Dark Clouds Over Cannes
The sorry state of the world resulted in a Cannes lineup filled with dark, dystopian visions, which also happened to be one of the strongest of recent years.
Directors’ Fortnight’s Old Hands and Fresh Faces
Once again, Lav Diaz and Takashi Miike did what they do; but the Fortnight also showcased a wide range of promising talent.
Melodrama, Debauchery, Comedy: Un Certain Regard
Nadine Labaki’s jury has selected an eclectic range of award winners from this year’s program.
Competition Highs and Lows
The awards have been presented, the red carpet rolled up, and now we can gather a little perspective on this year’s competition.
A Leading Palestinian Auteur Looks Toward the Light
Elia Suleiman, who returned to Cannes this year with his latest film, talks with us about comedy as a form of political resistance.
Bong Joon-ho’s Parasite
One family infiltrates another in one of this year’s top critical favorites.
Critics’ Week Awards and Highlights
Our survey of this year’s edition begins with the first animated feature to take the top award.
Corneliu Porumboiu’s The Whistlers
Most critics won’t allow a comically absurd premise or a convoluted plot stand in the way of a good time.
Quentin Tarantino’s Once Upon a Time . . . in Hollywood
Everyone’s all in for the first two acts of this love letter to Los Angeles—but for many, the third is a deal-breaker.
A Filmmaking Family Takes to the Streets
Legendary activist filmmaker Fernando Solanas joins his son and daughter in Cannes for their latest project, a chronicle of the long, hard fight for abortion rights in Argentina.
Robert Eggers’s The Lighthouse
Willem Dafoe and Robert Pattinson star in a two-hander that’s scoring some of the best reviews at this year’s festival.
Terrence Malick’s A Hidden Life
Malick’s rendering of the true story of a conscientious objector has split the critics.
Bertrand Bonello’s Zombi Child
Setting the Haiti of 1962 next to present-day Paris, Bonello weighs the impact of French colonialism.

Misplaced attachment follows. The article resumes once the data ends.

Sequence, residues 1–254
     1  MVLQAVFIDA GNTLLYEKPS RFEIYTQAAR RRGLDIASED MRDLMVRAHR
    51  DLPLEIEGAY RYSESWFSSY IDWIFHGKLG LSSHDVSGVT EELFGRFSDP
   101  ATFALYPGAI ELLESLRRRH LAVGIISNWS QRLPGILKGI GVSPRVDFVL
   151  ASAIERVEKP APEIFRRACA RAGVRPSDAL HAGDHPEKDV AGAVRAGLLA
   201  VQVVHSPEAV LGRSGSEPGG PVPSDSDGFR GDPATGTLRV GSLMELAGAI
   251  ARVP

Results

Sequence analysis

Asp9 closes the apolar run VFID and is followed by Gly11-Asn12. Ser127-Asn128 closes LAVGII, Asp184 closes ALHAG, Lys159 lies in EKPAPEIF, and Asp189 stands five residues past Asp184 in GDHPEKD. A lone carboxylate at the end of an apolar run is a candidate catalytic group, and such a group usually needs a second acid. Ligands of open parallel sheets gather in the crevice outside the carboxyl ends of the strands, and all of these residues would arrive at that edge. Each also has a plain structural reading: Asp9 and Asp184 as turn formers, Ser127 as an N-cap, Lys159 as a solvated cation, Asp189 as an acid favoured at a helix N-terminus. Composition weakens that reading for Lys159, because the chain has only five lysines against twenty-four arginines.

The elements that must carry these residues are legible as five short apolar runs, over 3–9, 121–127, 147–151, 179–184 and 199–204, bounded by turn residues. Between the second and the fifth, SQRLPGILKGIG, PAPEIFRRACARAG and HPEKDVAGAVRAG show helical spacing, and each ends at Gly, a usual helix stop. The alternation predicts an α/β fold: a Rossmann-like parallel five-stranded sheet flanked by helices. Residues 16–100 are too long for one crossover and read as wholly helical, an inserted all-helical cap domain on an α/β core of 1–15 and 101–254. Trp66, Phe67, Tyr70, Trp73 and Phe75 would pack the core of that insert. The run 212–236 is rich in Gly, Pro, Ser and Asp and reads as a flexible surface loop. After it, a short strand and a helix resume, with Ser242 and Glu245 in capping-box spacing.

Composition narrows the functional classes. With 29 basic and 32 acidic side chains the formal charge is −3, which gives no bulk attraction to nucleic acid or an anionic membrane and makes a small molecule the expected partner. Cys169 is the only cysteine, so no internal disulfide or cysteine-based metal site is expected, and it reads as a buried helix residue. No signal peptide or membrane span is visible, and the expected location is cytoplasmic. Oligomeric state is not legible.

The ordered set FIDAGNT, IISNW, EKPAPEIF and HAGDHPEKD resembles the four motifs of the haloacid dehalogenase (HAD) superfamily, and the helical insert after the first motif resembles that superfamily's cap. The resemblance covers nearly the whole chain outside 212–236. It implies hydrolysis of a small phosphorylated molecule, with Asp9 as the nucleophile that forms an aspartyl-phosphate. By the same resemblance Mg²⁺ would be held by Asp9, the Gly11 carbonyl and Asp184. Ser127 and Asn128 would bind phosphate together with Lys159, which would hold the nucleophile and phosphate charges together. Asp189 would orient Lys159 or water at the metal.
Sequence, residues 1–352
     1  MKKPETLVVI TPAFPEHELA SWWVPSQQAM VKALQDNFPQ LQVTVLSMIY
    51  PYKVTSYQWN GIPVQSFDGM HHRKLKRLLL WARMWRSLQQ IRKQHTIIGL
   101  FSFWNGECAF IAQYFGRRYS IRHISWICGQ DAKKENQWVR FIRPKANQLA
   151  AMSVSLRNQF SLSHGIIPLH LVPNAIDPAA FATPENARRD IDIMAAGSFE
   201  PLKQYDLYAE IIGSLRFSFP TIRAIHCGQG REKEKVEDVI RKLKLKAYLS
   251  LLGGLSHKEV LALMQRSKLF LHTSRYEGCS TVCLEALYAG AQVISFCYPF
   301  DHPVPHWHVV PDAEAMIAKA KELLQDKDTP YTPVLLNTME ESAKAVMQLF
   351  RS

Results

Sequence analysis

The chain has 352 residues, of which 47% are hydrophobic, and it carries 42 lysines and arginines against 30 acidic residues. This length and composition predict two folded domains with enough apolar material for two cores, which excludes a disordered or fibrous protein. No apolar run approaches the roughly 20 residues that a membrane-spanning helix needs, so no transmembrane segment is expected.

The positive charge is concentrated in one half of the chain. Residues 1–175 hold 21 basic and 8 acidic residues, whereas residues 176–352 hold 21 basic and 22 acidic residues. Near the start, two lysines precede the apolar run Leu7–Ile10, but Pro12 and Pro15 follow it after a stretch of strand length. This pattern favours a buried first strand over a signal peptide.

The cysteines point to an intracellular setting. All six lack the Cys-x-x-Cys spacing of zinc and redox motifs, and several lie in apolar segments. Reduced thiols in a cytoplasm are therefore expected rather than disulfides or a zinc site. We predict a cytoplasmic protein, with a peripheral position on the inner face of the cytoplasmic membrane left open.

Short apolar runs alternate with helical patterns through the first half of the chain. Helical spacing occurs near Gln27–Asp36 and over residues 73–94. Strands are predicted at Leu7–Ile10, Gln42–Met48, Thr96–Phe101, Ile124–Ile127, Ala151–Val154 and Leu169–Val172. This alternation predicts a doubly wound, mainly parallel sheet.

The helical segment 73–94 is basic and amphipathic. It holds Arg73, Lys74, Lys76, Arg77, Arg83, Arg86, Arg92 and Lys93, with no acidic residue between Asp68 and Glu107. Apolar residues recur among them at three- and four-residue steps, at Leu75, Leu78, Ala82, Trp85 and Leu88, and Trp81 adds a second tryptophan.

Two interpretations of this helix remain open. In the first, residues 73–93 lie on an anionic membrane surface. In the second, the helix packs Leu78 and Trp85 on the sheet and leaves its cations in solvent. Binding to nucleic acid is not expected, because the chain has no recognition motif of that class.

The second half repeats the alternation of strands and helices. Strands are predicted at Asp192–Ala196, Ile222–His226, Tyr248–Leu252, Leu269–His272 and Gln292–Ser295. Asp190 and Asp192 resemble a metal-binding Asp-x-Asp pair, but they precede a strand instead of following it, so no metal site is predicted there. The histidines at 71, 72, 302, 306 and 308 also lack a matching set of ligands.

Diao Yinan’s The Wild Goose Lake
Triple crosses follow double crosses in this slick crime thriller.
Pedro Almodóvar’s Pain and Glory
For many, the semi-autobiographical film is one of Almodóvar’s best in years.
Ken Loach’s Sorry We Missed You
While a few find the family drama heavy-handed, most critics are enthusiastically cheering on Loach’s latest competition entry.
Jessica Hausner’s Little Joe
The Austrian director, a Cannes regular, is in competition for the first time with a chilly tale of a happiness-inducing flower.
Kantemir Balagov’s Beanpole
Critics are finding the young Russian director’s second feature to be bleak yet irresistibly masterful.
Mati Diop’s Atlantics
Diop’s debut fiction feature is a love story, a detective story, and a ghost story.
Ladj Ly’s Les misérables
Ly’s fiery fiction feature debut alludes not only to Hugo but also to Fuqua, Kassovitz, and Spike Lee.
Mendonça and Dornelles’s Bacurau
Moving from the merely unsettling to the outright bloody, the Brazilian directors come down hard on their new government.
Annie Silverstein’s Bull
Initial response to Silverstein’s first fiction feature is ranging from warm to very warm indeed.
Quentin Dupieux’s Deerskin
Within a brisk seventy-seven minutes, Dupieux and Jean Dujardin escort us into the mind of a potential psychopath.
Jim Jarmusch’s The Dead Don’t Die
The star-studded zom-com has been met with a first round of mildly appreciative reviews.